Luxury Vacations: I just got back from four days in Sonoma County. As I planned the trip with the generous assistance of the Sonoma County Tourism Bureau, I thought I was giving myself ample time. Well, I could have easily stayed twice as long and still have only scratched the surface of this fantastic region! Sonoma County offers so many things to do and places to stay. I recommend that you find lodging in one of these three areas, make it your home base, and realize that you’ll have to come back again and again!
Sebastapol and Guerneville
If you’re looking for redwoods, rivers, and winding roads, look no further. I started my first day in Sebastapol with breakfast at East West Café. The whole-wheat quesadilla brims with melted Jack cheese, avocado, tomato, and a zaatar herb–blend dressing—the perfect start to a wine taster’s day. From there, I drove out past the berry farms and vegetable gardens to Iron Horse Vineyards. The winery presents a stunning vista and some equally stunning wines, crafted by David Munksgard. I was tempted to stop in Forestville twice—at Aioli Gourmet Delicatessen and then at Nightingale Breads—but instead continued on to Armstrong Woods State Park in Guerneville. This is a beautiful place for a short walk or hike. Next, I drove up Westside Road and stopped at Hop Kiln Winery. Between gentle jokes, Don in the tasting room introduced me to the 2008 Thousand Flowers, a delightfully fragrant white blend, and the 2008 Rushin’ River Red, a blend of Syrah and Grenache. On my way back to town, I stopped at Porter Creek Vineyards, where Jonathan De Michael poured several nice organic hillside-grown wines, including a stunning Old Vine Zinfandel blended with 10 percent Carignane.
Okay, this is where it gets weird. I then left the world as I know it and followed a friend’s truck 13 miles off Highway 116 to stay at her home in the hills beyond Cazadero. It was a wonderful solar-powered experience, but for you I recommend sinking into a pillow at Applewood Inn & Restaurant near Guerneville!
I started my second day not far from the headwaters of Wild Hog Creek, driving back from my friend’s house (solo!) down the winding, bouncy, rock-filled dirt roads to Wild Hog Vineyard. Since it was early and I hadn’t alerted the owners that I’d be in their neck of the woods, I simply paused to admire this rugged mountain property that stands in the middle of nowhere and yet everything. It took me an entire hour to navigate my return to the freeway, with a little help from my GPS and a few members of a road crew. From there, I headed over to Healdsburg, where I enjoyed a fabulous roasted beet salad with goat cheese at Healdsburg Bar and Grill.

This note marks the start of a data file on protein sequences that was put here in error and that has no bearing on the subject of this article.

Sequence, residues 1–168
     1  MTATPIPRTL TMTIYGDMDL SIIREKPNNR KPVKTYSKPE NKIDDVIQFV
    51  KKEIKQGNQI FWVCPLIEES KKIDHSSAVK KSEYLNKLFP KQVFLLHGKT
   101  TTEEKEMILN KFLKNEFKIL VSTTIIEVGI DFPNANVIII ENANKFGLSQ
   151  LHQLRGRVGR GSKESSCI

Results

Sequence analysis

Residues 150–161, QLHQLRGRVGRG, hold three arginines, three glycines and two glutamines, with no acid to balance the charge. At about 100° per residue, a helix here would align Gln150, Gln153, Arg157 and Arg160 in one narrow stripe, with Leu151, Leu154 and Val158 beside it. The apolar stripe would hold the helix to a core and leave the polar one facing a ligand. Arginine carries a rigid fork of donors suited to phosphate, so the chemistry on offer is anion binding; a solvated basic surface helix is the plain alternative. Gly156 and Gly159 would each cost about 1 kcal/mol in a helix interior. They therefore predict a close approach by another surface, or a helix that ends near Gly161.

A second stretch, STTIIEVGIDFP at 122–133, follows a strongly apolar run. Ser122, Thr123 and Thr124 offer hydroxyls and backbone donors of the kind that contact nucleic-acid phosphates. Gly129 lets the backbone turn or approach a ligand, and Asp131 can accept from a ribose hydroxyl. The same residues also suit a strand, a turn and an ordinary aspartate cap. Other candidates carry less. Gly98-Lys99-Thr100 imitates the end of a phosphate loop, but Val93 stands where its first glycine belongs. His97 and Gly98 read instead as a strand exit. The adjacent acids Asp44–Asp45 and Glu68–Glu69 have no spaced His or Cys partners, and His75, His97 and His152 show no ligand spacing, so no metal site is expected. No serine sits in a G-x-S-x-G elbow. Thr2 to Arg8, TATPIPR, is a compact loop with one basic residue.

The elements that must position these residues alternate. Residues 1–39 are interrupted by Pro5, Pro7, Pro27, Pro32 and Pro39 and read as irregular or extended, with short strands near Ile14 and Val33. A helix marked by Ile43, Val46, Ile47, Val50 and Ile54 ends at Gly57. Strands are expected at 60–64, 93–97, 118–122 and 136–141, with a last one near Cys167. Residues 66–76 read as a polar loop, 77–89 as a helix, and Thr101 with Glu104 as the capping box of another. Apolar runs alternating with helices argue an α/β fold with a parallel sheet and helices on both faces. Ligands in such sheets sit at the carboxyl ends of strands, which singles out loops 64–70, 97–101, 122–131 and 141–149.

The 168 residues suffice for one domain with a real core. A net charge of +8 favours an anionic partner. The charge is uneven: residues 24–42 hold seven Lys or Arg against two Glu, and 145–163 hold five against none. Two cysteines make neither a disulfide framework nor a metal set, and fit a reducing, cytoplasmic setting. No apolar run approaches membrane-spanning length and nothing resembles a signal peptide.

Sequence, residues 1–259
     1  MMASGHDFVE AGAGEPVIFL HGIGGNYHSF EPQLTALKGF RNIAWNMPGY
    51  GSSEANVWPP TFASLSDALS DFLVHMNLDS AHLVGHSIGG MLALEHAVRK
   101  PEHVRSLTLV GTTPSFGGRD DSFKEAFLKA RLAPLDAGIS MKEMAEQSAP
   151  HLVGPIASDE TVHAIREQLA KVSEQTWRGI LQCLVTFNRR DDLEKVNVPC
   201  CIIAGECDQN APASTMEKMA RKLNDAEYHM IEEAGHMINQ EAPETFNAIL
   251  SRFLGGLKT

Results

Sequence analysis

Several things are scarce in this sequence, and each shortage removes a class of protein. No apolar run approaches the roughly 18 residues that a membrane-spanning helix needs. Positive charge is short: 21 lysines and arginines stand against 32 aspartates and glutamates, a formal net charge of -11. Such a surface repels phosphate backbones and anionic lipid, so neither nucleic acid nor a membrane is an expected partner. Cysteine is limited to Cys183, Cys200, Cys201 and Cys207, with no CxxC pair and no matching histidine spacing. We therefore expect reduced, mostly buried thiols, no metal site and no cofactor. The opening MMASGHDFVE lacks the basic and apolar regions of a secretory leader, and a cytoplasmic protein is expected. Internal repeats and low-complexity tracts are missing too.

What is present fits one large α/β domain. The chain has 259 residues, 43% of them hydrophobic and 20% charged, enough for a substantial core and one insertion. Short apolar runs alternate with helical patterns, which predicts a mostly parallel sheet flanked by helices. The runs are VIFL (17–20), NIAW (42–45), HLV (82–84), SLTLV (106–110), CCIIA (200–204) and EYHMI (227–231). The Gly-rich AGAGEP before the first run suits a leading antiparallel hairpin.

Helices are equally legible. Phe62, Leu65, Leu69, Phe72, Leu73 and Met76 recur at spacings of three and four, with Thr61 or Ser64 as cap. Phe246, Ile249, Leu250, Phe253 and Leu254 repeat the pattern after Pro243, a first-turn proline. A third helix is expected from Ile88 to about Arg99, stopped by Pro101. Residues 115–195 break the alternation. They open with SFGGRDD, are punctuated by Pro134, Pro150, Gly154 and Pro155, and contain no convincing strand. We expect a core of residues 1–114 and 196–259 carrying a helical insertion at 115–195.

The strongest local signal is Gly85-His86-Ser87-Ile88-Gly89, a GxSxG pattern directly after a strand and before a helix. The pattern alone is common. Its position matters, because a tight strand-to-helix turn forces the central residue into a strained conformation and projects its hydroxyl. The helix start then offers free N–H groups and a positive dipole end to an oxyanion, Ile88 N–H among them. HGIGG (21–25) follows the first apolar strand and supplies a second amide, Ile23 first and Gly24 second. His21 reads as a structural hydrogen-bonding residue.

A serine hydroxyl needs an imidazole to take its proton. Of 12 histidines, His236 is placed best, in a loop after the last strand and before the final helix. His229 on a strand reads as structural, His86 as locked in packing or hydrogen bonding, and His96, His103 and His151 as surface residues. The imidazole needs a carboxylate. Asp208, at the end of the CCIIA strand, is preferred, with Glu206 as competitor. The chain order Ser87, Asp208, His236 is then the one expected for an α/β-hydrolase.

The intriguing shops and tasting rooms in Healdsburg’s historic downtown are ideal for a between–wine trails stroll, since Healdsburg is located at the intersection of the Russian River, Dry Creek, and Alexander valleys. In the afternoon, I took an informative Sonoma County Vineyard Adventure at Mauritson Family Winery in Dry Creek Valley. The self-guided tour is free and it leads guests through actual rows of vines, with clearly marked points of interest along the way. Each tour is less than a mile in length and designed for all ages. The Sonoma County Winegrape Commission has developed the tour for a handful of vineyards around Sonoma County. I rounded out my afternoon with a visit to Dry Creek General Store, where nearly everything is locally grown or made, and a visit to a couple more tasting rooms in downtown Healdsburg.
That evening, I holed up in a beautiful, pristine home overlooking a rolling vineyard. This time I was the guest of Healdsburg Vacation Homes, owned by Elisabeth and Marc Matson. The Matsons manage about 20 properties in the Healdsburg area—all viewable at healdsburgvacationhomes.com. Since Sonoma County wine country is a great place for a family reunion or friend getaway, renting a home is a wonderful, affordable option.
Kenwood, Glen Ellen, and Sonoma
I met Jeff Kunde in the sleek tasting room of Kunde Family Estate. Jeff, fresh from the vineyards in dusty overalls, was anxious to take me up to see his new project—a cleared spot on a mountaintop overlooking the whole of Sonoma Valley. As we bumped and bounced up the narrow lane, Jeff told me about his family’s history with these 1,850 contiguous acres of land—a history that dates back 105 years. Jeff likes to get visitors out in the vineyard to gain a personal understanding of what winegrowing is about.
The winery offers frequent eco-tours, dog hikes, and now mountaintop tastings. On a clear day, you can see for miles, and as you taste each wine, your guide points out the vineyard where its grapes were grown. I was blown away. From there, I checked into the cozy Glenelly Inn in Glen Ellen. It’s a great little wine-country inn, ideal for a romantic weekend. There are many common areas where guests can linger, read, sip wine, and write (like I did). But I tore myself away from the page and drove to Sonoma’s historic plaza for a stroll and lunch at The Girl and the Fig. I ate every last bite of my fig and arugula salad. After a few more winery stops, I headed for Barcelona...at Gloria Ferrer Winery. They were hosting a special sold-out event—Tapas on the Terrace—with a Spanish flamenco guitar player and, of course, Gloria Ferrer’s exquisite sparkling wines.
Lucky Bonus: What a way to start my last day! The gourmet breakfast served at Glenelly Inn changes daily. I was treated to blueberry French toast (made with blueberry bread with cream cheese in the middle) and chicken sausage. After lingering on the terrace, I packed and headed out to visit just a few more marvelous Sonoma wineries to last me until next time.